I got up early today and drove down to Seward, a port on Resurrection Bay some 125 road miles south of Anchorage. About 30 miles out of Anchorage, along the steep slopes of Turnagain Arm I passed some Dall Sheep. The first ones I saw were up on the cliffs above the road, where I’ve seen them before, and once even climbed the steep ridge and found their beds still warm, and a bit pungent, but just a mile or so farther down the road I started passing sheep right down on the road itself.
Just before getting to Girdwood, I saw some hikers on the railroad tracks far in front of me. (The tracks parallel the road along Turnagain Arm.) As I got closer my hikers turned into a moose cow and calf running down the tracks. The cow was swinging her huge head from side to side so she could keep an eye on her calf which was following behind. Just as I got up next to them mom let the calf pass her then she swung out into the road in front of me. After several false starts the pair finally crossed the road, their gangly legs seeming to go every which way, and headed up a valley. That's the second time up here in Alaska I've had to slam on my brakes and stop in the middle of the road because of a moose that didn't know how to signal a left turn!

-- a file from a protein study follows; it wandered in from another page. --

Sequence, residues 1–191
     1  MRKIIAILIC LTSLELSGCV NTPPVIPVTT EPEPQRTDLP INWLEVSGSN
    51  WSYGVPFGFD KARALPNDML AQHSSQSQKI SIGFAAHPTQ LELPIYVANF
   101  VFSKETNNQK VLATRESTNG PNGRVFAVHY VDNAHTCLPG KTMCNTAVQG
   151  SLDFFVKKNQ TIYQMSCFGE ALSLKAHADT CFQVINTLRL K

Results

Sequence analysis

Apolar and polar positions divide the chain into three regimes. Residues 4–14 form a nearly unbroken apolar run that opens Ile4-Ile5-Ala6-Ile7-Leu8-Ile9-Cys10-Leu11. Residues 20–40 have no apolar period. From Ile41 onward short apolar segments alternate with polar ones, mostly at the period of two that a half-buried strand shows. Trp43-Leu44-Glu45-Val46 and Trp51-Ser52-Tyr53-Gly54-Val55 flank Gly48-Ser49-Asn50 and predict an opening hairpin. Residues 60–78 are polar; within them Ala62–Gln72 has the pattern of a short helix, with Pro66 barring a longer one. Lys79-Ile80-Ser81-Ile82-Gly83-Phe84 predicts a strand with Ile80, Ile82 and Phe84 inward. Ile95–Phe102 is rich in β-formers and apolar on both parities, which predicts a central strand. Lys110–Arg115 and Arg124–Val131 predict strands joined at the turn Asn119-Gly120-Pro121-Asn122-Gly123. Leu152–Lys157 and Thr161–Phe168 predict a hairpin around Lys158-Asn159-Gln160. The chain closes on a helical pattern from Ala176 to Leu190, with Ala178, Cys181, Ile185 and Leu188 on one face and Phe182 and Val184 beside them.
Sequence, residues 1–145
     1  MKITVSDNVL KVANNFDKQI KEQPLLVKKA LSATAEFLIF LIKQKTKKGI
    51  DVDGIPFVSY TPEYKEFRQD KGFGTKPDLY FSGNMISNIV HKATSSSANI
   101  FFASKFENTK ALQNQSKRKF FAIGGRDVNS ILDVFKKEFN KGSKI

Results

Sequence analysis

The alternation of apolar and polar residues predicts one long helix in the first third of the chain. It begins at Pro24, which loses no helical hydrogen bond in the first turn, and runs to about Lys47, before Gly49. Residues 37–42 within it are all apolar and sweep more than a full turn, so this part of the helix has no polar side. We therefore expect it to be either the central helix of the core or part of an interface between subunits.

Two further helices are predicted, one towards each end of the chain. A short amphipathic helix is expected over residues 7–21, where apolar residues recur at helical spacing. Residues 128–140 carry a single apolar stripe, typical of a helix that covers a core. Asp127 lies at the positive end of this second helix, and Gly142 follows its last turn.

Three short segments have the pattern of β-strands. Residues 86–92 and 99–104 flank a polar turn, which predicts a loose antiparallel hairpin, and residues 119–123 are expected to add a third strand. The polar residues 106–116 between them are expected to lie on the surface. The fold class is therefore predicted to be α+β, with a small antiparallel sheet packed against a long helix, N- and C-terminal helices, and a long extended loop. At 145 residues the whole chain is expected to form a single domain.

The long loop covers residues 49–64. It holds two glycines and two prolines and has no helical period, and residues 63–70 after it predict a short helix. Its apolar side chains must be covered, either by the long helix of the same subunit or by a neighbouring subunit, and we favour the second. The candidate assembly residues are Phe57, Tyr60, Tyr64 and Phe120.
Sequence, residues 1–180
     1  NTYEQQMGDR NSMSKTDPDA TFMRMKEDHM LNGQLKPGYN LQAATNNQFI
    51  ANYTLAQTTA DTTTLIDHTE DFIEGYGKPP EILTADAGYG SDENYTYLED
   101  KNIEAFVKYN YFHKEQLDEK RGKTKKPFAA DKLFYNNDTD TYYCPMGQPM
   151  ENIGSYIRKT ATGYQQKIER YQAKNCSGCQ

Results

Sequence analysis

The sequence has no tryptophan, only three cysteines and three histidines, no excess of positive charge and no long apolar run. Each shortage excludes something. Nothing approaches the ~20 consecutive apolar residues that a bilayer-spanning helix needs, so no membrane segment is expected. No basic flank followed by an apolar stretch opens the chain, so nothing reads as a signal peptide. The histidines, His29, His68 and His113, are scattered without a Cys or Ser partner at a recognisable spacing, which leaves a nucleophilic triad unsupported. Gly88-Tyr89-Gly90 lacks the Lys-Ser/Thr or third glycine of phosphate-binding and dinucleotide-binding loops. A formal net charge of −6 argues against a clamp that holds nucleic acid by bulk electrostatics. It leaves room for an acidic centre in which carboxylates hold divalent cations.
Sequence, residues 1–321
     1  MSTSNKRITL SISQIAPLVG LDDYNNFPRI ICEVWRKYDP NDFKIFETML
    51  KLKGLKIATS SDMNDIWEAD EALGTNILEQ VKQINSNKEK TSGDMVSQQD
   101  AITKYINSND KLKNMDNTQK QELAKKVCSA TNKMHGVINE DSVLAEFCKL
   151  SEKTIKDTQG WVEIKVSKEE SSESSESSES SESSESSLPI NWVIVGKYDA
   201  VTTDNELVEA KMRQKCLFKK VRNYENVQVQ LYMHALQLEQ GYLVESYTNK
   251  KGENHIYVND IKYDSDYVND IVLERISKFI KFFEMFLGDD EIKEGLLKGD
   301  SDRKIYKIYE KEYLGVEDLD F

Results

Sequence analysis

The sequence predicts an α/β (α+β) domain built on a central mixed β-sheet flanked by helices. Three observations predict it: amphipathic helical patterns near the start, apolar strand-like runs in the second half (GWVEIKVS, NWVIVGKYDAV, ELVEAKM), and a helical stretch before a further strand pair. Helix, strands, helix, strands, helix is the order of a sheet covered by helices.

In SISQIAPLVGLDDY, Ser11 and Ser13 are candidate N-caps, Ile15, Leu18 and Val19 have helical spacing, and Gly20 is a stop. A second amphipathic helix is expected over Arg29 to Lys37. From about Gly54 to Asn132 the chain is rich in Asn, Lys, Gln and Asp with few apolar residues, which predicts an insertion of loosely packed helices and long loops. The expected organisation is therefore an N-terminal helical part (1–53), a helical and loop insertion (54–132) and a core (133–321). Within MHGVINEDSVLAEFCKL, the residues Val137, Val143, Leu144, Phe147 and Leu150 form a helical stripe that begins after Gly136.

The southbound traffic, my direction, was very light, but as I made the turn around the end of Turnagain Arm and started climbing into the mountains of the Kenai Peninsula tour buses, lots of tour buses, started passing me going the other direction. When I got to Seward I found out that a Holland America cruise ship had landed there the night before and the passengers were being scattered around on various 'excursions'.
Seward is a pretty small town but the harbor is always interesting to wander around in The beach along the head end of Resurrection bay was full of campers and a lot of boats were moving around in the harbor but shore-side it wasn't crowded enough to be a problem. I spent the day wandering the harbor, and town waiting for the tide to go out far enough for me to walk the freshly exposed beach down to Lowell Point where the remains of a bunker left over from WWII sits. Tides are high and fast around here so you have to time it right and keep an eye on the water or you just might get stranded out there. There’s talk of making an improved trail up above tide line but there’s been talk of that for years.
About 10 miles east of Seward down a gravel road that runs right alongside Resurrection River is Exit Glacier National Park and, like every other time I’ve visited Seward, I made my way out there. This is a spot where you can actually walk up to the base of a glacier with relative ease and touch ice that has been buried in the Harding ice field for thousands of years. Pretty cool
The traffic on the drive back to Anchorage was, as expected, heavier than I have seen on any of my previous trips but moved along much better than I had been led to believe it would. In fact, the traffic on this two lane mountain road moved along much better than southbound I75 in Michigan, crammed with weekend campers heading home, ever thought about moving on a summer Sunday afternoon.
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